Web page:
• The days of IT making technology decisions by itself is gone, and the business has the main say now.
• The faster business and IT can accept this new reality the better the relationship and future for the company.
At Cisco’s Partner Summit in 2019, CEO Chuck Robbins said something that while apparent, does showcase the reality that the nature of the IT buyer is changing.
“Never has technology been more important to customers and never have they cared less about the details of that technology.” – Chuck Robbins
It has been clear for years that IT is a fundamental enabler of business. IT administrators have often been frustrated and stymied by corporate attitudes that IT is a cost center, to be contained and streamlined. Well, business has woken up and not only is the C-suite interested in technology, but individual lines of business are becoming the primary drivers of new business. Digitization of business further accelerates the trend, with the business taking a direct hand to use technology to get closer to the customer. Continue reading “Sea Change in Technology Purchasing”→
The ‘democratization of analytics,’ essentially getting analytics tools and insights into the hands of the masses, is the next step forward in a world eager to leverage greater business intelligence.
Tableau is taking on the challenge by providing tools such as Explain Data and Ask Data, which are designed to make it easier for line-of-business users to extract insights from their data visualizations.
There is no doubt that the vast amounts of data being generated today contain a wealth of valuable information. But, unlocking the strategic insights contained within this treasure trove of material remains elusive to many. Sure, data scientists and data programmers have the tools to perform the analysis at their fingertips, but their techniques remain out of reach to many line-of-business users. Extracting insights from data and getting it into the hands of those outside of the IT department is a challenge. The ‘democratization of analytics,’ essentially getting analytics tools and insights into the hands of the masses, is the next step forward in a world eager to leverage greater business intelligence. Continue reading “Tableau Tackles the Challenge of ‘Democratizing Analytics’ by Offering New Tools”→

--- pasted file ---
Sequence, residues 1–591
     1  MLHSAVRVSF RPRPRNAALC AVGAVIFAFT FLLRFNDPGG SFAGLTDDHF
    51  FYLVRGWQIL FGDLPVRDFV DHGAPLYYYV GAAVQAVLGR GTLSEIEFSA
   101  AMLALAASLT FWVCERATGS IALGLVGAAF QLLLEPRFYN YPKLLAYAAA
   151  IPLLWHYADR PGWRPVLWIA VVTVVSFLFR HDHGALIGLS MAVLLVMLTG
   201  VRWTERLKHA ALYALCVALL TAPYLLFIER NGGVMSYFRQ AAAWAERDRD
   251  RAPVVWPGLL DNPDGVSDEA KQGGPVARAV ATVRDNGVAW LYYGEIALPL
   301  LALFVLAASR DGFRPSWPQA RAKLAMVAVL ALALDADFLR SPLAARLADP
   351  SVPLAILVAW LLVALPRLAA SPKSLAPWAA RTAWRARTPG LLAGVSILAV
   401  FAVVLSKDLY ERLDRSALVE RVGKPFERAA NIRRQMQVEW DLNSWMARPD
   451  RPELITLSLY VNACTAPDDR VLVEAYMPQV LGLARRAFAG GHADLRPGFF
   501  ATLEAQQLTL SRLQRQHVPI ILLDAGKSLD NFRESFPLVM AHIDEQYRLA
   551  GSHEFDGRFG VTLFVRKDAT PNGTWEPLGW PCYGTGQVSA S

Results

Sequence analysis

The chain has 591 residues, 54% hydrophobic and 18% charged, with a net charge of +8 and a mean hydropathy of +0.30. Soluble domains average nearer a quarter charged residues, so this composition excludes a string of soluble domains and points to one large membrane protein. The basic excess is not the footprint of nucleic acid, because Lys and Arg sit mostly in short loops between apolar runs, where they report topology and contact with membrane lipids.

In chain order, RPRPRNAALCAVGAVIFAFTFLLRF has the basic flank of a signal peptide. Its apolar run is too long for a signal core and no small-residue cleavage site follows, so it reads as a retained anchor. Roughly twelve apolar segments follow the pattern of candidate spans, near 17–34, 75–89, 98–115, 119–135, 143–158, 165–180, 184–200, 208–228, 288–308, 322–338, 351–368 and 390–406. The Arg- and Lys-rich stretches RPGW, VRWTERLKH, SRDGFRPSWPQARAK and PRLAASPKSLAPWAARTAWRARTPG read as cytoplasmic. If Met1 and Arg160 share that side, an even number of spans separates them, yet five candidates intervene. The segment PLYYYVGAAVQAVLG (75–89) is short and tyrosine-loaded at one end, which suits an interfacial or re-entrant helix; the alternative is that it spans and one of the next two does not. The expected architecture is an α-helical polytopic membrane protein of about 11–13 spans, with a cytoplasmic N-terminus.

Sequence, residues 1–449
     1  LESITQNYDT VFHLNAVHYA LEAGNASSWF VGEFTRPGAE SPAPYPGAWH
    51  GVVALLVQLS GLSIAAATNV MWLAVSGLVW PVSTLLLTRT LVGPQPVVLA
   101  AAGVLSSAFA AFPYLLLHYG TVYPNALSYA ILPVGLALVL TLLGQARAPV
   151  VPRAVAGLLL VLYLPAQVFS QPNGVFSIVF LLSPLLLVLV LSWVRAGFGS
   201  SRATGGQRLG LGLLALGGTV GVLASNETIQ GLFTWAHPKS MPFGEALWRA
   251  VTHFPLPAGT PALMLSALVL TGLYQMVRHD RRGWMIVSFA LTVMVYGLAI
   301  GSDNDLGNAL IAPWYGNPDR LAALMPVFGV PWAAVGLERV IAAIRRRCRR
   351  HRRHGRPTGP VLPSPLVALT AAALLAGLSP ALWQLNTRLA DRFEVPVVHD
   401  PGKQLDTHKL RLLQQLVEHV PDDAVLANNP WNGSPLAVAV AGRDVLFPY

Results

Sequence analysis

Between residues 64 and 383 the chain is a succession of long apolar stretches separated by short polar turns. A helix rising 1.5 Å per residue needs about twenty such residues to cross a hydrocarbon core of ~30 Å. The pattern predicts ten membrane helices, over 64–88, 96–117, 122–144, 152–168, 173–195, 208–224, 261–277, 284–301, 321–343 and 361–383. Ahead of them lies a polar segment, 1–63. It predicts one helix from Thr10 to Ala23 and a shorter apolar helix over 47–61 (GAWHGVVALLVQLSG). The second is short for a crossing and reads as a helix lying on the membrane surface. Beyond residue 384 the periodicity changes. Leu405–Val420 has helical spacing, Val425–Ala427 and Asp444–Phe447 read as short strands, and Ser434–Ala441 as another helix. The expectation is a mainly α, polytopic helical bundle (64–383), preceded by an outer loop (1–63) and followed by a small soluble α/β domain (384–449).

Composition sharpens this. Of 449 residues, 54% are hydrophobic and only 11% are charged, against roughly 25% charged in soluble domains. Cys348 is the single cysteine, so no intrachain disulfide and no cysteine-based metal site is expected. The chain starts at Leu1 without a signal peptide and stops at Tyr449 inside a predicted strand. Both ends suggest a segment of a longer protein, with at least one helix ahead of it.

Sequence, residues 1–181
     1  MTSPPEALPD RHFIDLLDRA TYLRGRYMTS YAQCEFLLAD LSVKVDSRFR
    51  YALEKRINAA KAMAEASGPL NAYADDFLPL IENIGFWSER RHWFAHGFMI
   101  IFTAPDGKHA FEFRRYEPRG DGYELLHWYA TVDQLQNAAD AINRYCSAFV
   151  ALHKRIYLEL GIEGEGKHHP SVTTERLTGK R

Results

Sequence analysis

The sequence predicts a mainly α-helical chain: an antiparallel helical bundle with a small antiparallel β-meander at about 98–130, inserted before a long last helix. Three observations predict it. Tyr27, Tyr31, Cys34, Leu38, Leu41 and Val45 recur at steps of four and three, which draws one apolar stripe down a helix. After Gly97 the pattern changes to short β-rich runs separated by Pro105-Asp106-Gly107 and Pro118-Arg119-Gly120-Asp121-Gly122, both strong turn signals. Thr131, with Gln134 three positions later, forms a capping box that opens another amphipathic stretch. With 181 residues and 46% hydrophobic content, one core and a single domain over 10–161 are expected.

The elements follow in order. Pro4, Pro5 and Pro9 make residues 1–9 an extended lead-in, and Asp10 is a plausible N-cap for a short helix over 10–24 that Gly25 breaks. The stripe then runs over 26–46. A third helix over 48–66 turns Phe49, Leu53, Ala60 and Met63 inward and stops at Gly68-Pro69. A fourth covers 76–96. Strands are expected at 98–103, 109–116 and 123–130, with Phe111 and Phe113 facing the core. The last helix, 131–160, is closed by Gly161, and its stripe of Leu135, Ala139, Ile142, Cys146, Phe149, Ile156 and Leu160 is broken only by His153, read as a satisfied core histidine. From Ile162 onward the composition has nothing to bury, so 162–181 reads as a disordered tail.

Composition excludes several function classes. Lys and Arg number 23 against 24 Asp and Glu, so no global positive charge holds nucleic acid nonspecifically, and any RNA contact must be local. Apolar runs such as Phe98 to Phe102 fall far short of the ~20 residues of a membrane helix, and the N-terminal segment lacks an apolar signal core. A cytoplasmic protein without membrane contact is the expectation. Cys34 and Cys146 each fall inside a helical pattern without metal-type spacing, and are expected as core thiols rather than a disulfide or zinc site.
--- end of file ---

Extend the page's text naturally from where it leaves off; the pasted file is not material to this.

At its annual user conference, Tableau rolled out several data prep and management capabilities, highlighted by the ability for Tableau Prep Builder users to write out to third-party data stores, such as the popular Snowflake solution.
This, along with several ongoing cloud and database initiatives, marks a significant philosophical shift for the vendor away from pure analytics and toward a more complete solution to help buyers establish a company-wide data culture.
For a company powered by analytics, Tableau put very few on display during its annual user conference in Las Vegas last week. Certainly, there were numerous stats to be found, particularly relating to the adoption of Tableau Online, where there are now 15,000+ active customer accounts. What’s more, Tableau Online is maintaining 100% YoY growth, as reported by CEO Adam Selipsky – a fitting fact given that Tableau and its new, cloud-first parent company, Salesforce, are now free to talk integration and rationalization. Continue reading “Tableau Tackles Analytics at Scale, Not Through Tech Alone but with a ‘Culture of Data’”→
• Competition in the AI chipset space is heating up; new players are looking to join the fray and they are raising impressive amounts of capital.
• New vendors face stiff competition from tech heavyweights such as Nvidia, hyper-scale cloud providers such as Google and Amazon, and well-funded Chinese organizations.
Just as the market for AI platforms is heating up, so is competition in the AI chipset space. And it isn’t only the large well-established competitors such as Nvidia, Google, and Huawei vying for market share. New players are looking to join the fray as well, and they are raising impressive amounts of capital. Untether, a Toronto-based chip manufacturing start-up, announced in early November that it had raised $20 million in series A funding. The one year old company plans to release a chip designed for AI inference using near-memory design, reducing the distance data must travel, thereby moving data to processors at 2.5 petabits per second, which improves overall processing efficiency. Across the pond, Graphcore, a UK-based organization, has raised a substantial $200 million to develop its Intelligence Processing Units (IPUs), parallel processors designed for machine learning.
• In the same month DXC announced two new acquisitions, the company said it is may sell off three non-core business units
• DXC wants to invest the proceeds to strengthen its core IT outsourcing business